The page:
Endoplasmic reticulum phosphate transport

Kidney Int. 1996 Apr;49(4):953-8. doi: 10.1038/ki.1996.134.


The major role of the liver endoplasmic reticulum phosphate/pyrophosphate transport proteins is the regulation of blood glucose levels. The glucose-6-phosphatase enzyme is an endoplasmic reticulum enzyme system which hydrolyzes glucose-6-phosphate to glucose and phosphate. Glucose-6-phosphatase is the terminal step of both gluconeogenesis and glycogenolysis. The glucose-6-phosphatase enzyme is a very hydrophobic membrane protein and its active site is inside the lumen of the endoplasmic reticulum. The substrates and products of the enzyme therefore have to cross the endoplasmic reticulum membrane. The glucose-6-phosphatase enzyme is associated with a calcium binding protein (SP). There are also transport proteins for the substrate glucose-6-phosphate (T1) and the products phosphate (T2) and glucose (T3). There appear to be at least two different liver endoplasmic reticulum proteins that can transport phosphate. One of the proteins T2b can also transport pyrophosphate and carbamyl phosphate which are also substrates for the glucose-6-phosphatase enzyme. The metabolic regulation, genetic deficiencies, ontogeny and tissue distribution of the endoplasmic reticulum T2 proteins will be described.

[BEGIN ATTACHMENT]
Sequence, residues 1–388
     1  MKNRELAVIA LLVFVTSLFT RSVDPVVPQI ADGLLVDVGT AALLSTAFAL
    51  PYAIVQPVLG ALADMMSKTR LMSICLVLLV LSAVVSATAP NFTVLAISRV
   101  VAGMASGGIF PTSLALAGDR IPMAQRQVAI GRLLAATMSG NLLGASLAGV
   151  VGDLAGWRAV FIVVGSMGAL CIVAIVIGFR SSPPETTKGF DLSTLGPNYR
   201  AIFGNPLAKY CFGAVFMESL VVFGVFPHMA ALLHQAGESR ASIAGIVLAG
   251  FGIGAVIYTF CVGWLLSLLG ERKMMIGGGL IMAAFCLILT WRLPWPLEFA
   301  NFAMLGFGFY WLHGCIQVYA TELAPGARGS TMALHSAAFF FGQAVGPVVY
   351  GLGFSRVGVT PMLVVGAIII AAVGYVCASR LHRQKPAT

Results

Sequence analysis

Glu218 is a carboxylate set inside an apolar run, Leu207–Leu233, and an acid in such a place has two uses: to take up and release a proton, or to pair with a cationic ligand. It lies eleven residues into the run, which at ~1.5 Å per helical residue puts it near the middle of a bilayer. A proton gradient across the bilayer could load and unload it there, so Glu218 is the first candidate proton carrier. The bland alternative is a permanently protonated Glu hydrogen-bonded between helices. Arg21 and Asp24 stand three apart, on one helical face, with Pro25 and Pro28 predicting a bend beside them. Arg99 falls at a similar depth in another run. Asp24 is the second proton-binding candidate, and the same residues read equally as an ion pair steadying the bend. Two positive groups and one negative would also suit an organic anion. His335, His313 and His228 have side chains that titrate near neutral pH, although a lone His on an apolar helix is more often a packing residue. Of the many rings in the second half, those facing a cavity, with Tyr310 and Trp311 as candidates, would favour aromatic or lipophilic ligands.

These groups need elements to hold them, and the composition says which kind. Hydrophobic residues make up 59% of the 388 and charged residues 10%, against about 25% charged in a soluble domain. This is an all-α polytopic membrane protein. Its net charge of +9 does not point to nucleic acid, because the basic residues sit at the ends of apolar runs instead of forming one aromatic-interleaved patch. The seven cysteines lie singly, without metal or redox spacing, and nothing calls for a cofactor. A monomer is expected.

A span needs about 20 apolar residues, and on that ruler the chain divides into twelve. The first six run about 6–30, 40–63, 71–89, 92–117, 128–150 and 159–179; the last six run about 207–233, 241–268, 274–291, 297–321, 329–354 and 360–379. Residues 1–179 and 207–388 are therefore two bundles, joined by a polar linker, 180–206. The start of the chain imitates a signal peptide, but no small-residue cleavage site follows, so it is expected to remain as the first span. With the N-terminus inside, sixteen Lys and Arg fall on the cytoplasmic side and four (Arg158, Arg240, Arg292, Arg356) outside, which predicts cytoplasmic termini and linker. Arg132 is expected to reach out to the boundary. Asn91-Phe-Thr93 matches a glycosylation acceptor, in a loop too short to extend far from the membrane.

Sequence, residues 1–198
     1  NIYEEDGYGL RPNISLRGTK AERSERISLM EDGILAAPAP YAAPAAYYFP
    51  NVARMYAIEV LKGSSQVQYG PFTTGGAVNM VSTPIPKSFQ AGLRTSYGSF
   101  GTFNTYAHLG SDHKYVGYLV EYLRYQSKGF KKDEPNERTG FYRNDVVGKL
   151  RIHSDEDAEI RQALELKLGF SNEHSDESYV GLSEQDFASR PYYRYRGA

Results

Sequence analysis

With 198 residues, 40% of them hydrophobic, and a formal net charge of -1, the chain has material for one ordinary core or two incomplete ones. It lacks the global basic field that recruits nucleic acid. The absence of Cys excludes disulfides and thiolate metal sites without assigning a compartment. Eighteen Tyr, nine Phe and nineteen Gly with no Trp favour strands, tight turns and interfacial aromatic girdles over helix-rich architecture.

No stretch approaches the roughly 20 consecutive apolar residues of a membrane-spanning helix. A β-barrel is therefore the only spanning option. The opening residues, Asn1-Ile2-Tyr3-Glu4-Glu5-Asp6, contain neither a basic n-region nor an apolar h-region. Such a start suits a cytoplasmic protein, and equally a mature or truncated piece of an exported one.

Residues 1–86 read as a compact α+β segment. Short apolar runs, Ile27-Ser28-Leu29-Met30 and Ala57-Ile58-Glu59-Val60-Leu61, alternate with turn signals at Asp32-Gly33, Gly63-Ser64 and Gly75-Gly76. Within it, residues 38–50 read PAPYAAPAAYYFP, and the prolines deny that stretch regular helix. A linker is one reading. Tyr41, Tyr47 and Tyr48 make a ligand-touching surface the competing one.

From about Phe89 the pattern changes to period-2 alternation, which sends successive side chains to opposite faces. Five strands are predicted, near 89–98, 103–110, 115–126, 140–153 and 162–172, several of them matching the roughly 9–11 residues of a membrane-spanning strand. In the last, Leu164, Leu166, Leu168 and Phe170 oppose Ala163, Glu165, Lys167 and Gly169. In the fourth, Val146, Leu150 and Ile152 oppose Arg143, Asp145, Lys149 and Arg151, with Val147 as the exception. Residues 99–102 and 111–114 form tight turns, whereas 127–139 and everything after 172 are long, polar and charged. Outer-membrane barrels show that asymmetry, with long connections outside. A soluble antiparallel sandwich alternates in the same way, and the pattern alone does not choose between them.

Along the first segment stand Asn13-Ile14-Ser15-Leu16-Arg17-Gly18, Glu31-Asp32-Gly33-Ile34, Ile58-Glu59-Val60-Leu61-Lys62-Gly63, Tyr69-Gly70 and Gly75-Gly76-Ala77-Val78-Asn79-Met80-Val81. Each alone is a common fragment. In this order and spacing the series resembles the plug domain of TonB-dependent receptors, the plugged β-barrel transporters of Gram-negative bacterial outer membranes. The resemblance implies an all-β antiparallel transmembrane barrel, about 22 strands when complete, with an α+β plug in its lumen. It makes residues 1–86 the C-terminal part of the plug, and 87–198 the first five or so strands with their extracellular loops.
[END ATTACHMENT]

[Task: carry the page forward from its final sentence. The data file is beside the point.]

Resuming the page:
Publication types

  • Research Support, Non-U.S. Gov't
  • Review

MeSH terms

  • Biological Transport / physiology
  • Endoplasmic Reticulum / metabolism*
  • Humans
  • Phosphates / metabolism*


  • Phosphates